1) According to the song “Werewolves of London,” what was the werewolf at Trader Vic’s drinking?

a) a gin and tonic

b) a pina colada

c) a sex on the beach

d) a sloe gin fizz

(Answer: b)

2) According to the Charlie Daniels Band, what fiddle-player did the devil encounter when he went down to Georgia?

a) Billy Ray

b) Cotton-Eyed Joe

c) Trevor

d) Johnny

(Answer: d)

3) In the Disney classic children’s Halloween song, what do the Grim Grinning Ghosts come out to do?

a) socialize

b) haunt the mansion

c) awaken the dead

d) dance

(Answer: a)

4) What Australian rock band wrote “Hell’s Bells” in an album released Oct. 31, 1980?

a) Black Sabbath

b) White Zombie

c) Alice Cooper

d) AC/DC

(Answer: d)

5) What spooky television theme song was nominated for a Grammy in 1965?

a) The Addams Family Theme

b) The Twilight Zone Theme

c) The Munsters Theme

d) The Outer Limits Theme

(Answer: c)

6) The Spanish-influenced classic “Black Magic Woman” by the band Santana has an alternate name. What is it?

a) Gypsy Queen

b) Witchy Woman

c) Borderlands

d) The Spell

(Answer: a)

7) What world-famous bad boy did the Rolling Stones have sympathy for in 1968?

a) Pilate

b) the devil

c) Vlad the Impaler

d) Joseph Stalin

(Answer: b)

8) Who wrote the song “Spooky” (“…Love is kind of crazy with a spooky little girl like you”…)?

a) Mike Sharpe

b) Dennis Yost

c) The Classics IV

d) Atlanta Rhythm Section

(Answer: c)

9) How many horns did the Flying Purple People Eater have?

a) one

b) two

c) three

d) four

(Answer: a)

10) What must you leave at the door if you wish to enter the Dead Man’s Party?

a) your weapons

b) beer

c) your body

d) your inhibitions

(Answer: c)

11) According to the rock band Eagles (bonus trivia: it’s just “Eagles,” not “the Eagles” – yup, really!), she’s been sleeping in the devil’s bed. Who is she?

a) Melania Trump

b) the Enchantress

c) the Witchy Woman

d) money (it’s symbolic)

12) His jarring “Cupid Carries a Gun” was used as the theme song for the short-lived TV series Salem. Who is he?

a) Marilyn Manson

b) Rob Zombie

c) Dannie Elfman

d) Thomas Dolby

(Answer: a)

13) Apparently, this group LOVED trick-or-treating in the 1980s! Who performed “I Want Candy”?

a) Bow Wow Wow

b) The Bangles

c) Cindy Lauper

d) The B-52s

(Answer: a)

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Black Kettle Treat Buckets

Need to add some lights to your steps or room? Grab one of the black plastic kettle treat buckets and cut an ‘X’ in the bottom. Grab a string of colored outdoor mini lights and lay them in the bottom of the kettle. Pull the cord through the bottom of the kettle, and ta da! You now have an indoor/outdoor, eerie-looking light fixture for little or no cost.

You can really dress this idea up is you have a drill and an old pumpkin carving template. Tape the template on the side of the kettle and get a pencil. Make a dot where you want to drill your holes and get started. Practice with your template on a piece of cardboard first before you tackle the kettle. You can line your walkway or steps with these and have them for next year too.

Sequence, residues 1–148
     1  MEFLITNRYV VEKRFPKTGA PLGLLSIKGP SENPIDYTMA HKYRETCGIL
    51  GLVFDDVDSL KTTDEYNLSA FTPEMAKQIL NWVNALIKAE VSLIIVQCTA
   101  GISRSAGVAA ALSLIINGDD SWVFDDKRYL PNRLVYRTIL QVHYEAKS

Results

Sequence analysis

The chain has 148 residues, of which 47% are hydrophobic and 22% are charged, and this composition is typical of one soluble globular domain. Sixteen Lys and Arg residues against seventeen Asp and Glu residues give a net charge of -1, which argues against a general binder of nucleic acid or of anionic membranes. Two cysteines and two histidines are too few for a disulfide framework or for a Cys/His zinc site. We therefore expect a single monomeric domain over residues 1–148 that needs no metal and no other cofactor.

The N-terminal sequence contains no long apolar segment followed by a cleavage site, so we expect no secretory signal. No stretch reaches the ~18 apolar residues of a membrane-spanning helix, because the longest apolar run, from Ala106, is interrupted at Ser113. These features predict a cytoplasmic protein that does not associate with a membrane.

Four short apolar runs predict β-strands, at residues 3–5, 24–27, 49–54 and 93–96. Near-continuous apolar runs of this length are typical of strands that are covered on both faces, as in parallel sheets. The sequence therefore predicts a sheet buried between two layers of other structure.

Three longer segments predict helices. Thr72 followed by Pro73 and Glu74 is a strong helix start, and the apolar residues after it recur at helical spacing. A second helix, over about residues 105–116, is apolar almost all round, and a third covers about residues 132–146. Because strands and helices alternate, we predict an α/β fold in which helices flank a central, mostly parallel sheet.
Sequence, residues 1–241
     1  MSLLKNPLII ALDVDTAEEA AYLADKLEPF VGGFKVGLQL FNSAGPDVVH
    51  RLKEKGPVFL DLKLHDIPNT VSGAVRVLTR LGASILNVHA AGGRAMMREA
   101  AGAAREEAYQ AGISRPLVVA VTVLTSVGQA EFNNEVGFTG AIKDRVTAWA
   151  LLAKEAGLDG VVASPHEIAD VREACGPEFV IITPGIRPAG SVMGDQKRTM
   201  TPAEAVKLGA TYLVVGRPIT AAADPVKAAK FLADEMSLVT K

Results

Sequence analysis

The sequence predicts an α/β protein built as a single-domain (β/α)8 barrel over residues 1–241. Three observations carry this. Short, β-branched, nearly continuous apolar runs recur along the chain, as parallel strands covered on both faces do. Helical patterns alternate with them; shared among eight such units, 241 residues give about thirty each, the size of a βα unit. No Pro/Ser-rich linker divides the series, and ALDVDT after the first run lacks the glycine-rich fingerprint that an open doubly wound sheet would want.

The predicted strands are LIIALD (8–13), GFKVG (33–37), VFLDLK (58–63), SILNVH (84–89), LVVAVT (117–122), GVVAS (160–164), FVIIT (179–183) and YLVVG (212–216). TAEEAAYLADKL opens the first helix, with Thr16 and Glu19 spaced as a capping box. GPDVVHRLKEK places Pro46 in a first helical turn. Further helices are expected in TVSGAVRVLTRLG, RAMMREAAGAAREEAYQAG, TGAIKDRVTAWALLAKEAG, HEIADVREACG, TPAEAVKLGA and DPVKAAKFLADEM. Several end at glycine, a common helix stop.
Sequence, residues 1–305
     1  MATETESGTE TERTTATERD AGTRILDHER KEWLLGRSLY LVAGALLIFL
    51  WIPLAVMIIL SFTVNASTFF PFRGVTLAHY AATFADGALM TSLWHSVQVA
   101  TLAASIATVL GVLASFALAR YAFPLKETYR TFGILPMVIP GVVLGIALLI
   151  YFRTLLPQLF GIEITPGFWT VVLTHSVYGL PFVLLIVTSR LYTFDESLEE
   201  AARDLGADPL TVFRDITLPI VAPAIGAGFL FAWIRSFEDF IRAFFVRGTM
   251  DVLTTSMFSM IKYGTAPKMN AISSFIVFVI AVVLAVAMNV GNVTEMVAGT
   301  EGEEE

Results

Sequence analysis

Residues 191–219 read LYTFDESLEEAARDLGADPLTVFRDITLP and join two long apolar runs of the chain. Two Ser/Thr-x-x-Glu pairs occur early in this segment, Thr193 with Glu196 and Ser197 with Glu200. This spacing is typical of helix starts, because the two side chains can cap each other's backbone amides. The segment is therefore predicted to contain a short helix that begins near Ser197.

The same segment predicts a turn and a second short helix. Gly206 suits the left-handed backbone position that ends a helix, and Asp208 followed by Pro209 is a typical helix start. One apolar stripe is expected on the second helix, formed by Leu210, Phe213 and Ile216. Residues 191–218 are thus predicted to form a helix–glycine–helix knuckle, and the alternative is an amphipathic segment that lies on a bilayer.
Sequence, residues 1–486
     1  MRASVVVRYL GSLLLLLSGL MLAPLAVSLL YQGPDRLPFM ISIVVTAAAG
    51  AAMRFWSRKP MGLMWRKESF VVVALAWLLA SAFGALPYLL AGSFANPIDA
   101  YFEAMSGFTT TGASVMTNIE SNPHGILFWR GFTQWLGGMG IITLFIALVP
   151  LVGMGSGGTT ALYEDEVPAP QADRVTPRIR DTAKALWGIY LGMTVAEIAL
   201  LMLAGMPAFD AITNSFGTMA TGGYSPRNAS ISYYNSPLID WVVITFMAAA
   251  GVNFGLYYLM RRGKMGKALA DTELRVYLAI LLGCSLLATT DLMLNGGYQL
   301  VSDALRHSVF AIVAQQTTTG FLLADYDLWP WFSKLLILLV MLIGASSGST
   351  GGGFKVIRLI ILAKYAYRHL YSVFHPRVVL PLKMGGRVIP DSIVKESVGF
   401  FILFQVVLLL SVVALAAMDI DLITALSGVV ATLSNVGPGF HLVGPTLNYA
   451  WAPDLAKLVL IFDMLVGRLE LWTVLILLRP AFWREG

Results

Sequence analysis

Jack-O-Lantern Treat Buckets

My daughter is only eight, and she seems to have collected ten or more jack-o-lantern treat buckets! I was desperately searching the Halloween odds and ends box for anything I could use when I casually knocked into a stack of jack-o-lantern treat buckets. I started to push them back into the closet when I got an idea. This was just too perfect!

I grabbed five of the treat buckets that were different sizes and colors and headed to my costume trunk that is filled with hats, glasses, wigs and costume props. I put a plastic safari hat, funky wig and glasses on one treat bucket, and it looked great. I put a child’s witch hat with hair, one with a bat hat and one with a fez. In less than ten minutes, I had five inexpensive, great looking decorations! Kids and adults alike could knock them over or carry them around, and these decorations would withstand the test of time and toddlers. I couldn’t believe I didn’t have to buy a thing! This was just the kind of idea I needed! It was just the beginning once I realized that there were other decorations I could make from this box of junk.

Don’t forget to add some of your old Christmas lights inside the Jack-O-Lanterns for a really eerie look! Put a string of orange, green or amber lights in your decorated treat buckets, add a funny wig or hat and wow! Put that decoration in a dark corner and watch it come to life! If you have the space, why not put several different sizes in one grouping? I even use them for heads for my scarecrow family. I now pick up all the buckets I can find at yard sales and flea markets. Funny, people almost give them to you. The jack-o-lanterns decorations were the hit of my party and survived my big and little guests much better than some of the things I had made or spent big bucks on. I wish I could have said the same for the twenty dollar prop I bought because I just had to have it.